Ministry Cannot Be Untethered

Story author
Leslie Manning

Mind the light of God in your consciences which will show you all deceit; dwelling in it, guides out of the many things into one spirit, which cannot lie, nor deceive. Those who are guided by it, are one. (George Fox, 1624–1691)

Early Friends refer to the Inward Light, which, we are warned, will rip us open. And my conscience is troubled.

That searching Light serves as a beacon in the wandering of the desert that is our culture, our economy, our politics.

It is a pillar of fire and a still, small voice.

As I prepare for the completion of my time with the Chaplaincy Institute of Maine and to graduate in June, I have made the decision to be ordained by that wisdom school in the Interfaith tradition. ChIME’s mission is to educate and ordain interfaith leaders who serve with integrity, spiritual presence, and prophetic voice.

And, I cannot do any of this without my Meeting. We Friends believe that the Spirit delivers a variety of gifts, but not equally. These gifts are given to an individual for the benefit and the greater good of the community. In our tradition, we name, claim, nurture and care for the gifts given to us all and hold those so gifted accountable for those gifts. So you, my community, have done for me.

My Meeting heard me when I came to you and asked, as a condition of my membership to become an open, inclusive and affirming community. 

My Meeting offered me leadership and teaching roles here and encouraged me to step out into our wider Society. 

My Meeting held me as I served with the Maine Council of Churches, and provided me with a travel minute when I was led to visit other FUM affiliated meetings nationally and many here in New England with a concern for unity among all Friends. 

My Meeting embraced me when I served as an openly lesbian member of the General Board of Friends United Meeting as a representative for New England, even as that association continues to discriminate against me.

My Meeting provided me with clearness committees and prayerful support, challenged me to remain faithful, and held me while I mourned for members of my family, our state and this world. And my Meeting will, I have no doubt, continue to do so.

Because my ministry cannot be untethered. It must have root in our faith community and be subject to the wisdom and discernment of our gathered body in order to flourish. Our Quaker history teaches us what happens to a ministry gone astray, what happens when a Friend seeks the support of a wider community and is refused. We are challenged by the James Naylors and Benjamin Lays of this world and it is our responsibility to take them under our care.

Leadings must be tested, within community.

Ministry must be supported with prayer and accountability, within community. Care must be exercised, so that Truth may prosper.

I have a young friend who speaks of the “many awfuls” of this world, the many awfuls—but believes, as I do, that we are here to help heal them. I have close friends who have been baptized in a Christian tradition which asks them, every year, “Will you strive for justice and peace among all people, and respect the dignity of every human being?” And their promise is, “I will, with God’s help.”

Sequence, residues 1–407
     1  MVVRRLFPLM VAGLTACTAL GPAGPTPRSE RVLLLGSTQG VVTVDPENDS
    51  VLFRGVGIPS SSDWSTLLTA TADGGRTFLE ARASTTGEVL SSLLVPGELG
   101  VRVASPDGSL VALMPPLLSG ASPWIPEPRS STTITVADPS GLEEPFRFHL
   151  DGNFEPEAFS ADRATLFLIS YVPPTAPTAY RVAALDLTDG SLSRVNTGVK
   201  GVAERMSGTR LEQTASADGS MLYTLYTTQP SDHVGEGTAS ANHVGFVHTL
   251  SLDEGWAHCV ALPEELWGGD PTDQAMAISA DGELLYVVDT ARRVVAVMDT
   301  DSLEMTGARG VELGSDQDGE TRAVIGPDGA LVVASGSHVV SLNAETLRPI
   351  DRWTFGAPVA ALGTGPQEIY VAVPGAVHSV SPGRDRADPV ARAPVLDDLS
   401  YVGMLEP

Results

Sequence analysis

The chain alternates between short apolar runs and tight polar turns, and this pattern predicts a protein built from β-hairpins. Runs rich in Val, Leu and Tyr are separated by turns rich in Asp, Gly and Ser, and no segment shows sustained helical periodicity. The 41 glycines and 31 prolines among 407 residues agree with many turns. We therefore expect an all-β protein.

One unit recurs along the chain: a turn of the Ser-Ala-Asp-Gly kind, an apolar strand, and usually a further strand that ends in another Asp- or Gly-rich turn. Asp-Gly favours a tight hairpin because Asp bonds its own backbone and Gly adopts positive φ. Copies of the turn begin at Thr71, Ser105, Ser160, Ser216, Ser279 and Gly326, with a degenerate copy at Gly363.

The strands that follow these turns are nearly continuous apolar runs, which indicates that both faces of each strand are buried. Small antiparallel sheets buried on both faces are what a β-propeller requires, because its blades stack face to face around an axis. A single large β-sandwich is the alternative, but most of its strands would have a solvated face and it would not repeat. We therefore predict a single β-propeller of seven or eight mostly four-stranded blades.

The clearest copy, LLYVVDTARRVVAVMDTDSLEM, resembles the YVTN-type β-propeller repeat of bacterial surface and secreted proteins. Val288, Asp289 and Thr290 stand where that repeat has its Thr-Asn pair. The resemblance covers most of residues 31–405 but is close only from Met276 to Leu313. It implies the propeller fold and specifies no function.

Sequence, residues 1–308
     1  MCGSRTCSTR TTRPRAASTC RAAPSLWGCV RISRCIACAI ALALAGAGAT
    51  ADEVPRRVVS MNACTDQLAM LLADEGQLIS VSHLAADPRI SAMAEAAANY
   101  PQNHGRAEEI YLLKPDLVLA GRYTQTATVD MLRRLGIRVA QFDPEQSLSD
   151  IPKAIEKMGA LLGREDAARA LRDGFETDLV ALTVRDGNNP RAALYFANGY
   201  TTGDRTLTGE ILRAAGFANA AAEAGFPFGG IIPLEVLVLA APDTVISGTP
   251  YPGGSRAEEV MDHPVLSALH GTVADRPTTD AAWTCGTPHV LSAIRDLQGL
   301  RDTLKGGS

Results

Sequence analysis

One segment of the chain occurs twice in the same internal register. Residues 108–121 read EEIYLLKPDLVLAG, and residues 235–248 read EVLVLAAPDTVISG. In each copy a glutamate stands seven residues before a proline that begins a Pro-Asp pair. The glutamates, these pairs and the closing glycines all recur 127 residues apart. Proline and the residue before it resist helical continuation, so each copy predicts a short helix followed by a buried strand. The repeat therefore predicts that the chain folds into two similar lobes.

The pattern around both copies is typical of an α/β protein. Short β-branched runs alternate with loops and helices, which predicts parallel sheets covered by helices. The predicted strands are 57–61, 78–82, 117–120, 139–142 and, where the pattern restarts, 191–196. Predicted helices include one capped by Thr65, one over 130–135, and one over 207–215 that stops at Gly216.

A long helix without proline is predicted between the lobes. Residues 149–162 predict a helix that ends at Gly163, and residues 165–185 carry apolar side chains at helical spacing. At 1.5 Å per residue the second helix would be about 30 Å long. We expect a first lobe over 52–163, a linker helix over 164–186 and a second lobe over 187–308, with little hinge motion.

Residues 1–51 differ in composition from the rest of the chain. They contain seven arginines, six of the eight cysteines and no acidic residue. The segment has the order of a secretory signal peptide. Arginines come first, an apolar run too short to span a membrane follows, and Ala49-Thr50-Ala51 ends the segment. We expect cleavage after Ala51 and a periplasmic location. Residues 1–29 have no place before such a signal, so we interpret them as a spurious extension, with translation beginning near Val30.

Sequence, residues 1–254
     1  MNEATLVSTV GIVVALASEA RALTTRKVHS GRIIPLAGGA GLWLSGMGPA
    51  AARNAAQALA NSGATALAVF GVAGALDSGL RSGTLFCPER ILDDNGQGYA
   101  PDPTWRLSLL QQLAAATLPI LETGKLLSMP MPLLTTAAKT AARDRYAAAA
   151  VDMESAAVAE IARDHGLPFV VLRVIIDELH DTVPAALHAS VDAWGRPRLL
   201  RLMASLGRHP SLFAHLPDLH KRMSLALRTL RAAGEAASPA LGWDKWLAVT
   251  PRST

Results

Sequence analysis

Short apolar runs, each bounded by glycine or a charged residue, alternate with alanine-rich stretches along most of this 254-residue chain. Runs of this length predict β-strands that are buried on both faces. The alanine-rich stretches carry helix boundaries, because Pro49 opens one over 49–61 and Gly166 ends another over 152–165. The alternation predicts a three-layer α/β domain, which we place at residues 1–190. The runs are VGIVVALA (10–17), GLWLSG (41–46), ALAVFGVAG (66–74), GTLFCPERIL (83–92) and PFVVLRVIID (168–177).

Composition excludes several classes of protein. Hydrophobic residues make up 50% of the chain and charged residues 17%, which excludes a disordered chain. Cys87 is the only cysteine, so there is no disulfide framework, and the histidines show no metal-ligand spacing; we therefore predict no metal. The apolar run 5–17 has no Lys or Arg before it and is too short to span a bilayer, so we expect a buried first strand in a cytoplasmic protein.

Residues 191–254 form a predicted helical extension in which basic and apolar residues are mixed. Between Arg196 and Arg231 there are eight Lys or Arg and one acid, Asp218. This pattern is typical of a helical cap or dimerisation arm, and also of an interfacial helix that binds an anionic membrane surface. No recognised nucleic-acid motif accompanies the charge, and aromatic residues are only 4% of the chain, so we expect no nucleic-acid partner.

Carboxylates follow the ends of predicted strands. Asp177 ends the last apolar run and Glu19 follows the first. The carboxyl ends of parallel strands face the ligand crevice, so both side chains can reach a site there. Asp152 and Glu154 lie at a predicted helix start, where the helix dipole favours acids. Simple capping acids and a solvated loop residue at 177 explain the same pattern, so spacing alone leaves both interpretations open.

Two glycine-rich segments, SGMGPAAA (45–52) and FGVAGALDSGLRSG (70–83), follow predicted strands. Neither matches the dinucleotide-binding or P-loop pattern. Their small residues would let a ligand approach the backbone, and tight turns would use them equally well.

And, so it goes. I commit to showing up and speaking up, here and in the wider world, not with all the answers, but hopefully asking some of the right questions.

And my conscience is troubled.

I ask this of us: How do we live together in peace, knowing all the sins and darkness of this world—embracing and celebrating our differences, if we continue to prize our comfort over our convictions?

In a time of deep uncertainty and turmoil, of climate catastrophe, increased militarization and commodification of the world’s resources, my hearts asks:

What would our conscience have us do?

I hold these questions for ourselves and for our wider Religious Society: 

Is capitalism compatible with Christianity? with Quakerism?

Is our capacity to commit to being an anti-racist faith community in direct proportion to our ability to live with difference?

How can we be living our testimonies if we remain conflict-averse and afraid of engaging in the work it takes to love our enemy and pray for those who would do us harm?

As I prepare to leave the ChIME community and take up my work in the greater world, I will need the love and challenging support of Friends more than ever. For you see, Friends, I am not content with our condition of seeking a world as articulated by Friends Committee on National Legislation, who say: “We seek a world free of war and the threat of war; We seek a society with equity and justice for all; We seek a community where every person’s potential may be fulfilled; We seek an earth restored.”

I am not content with merely seeking that world, I am building it. And I invite you to join me.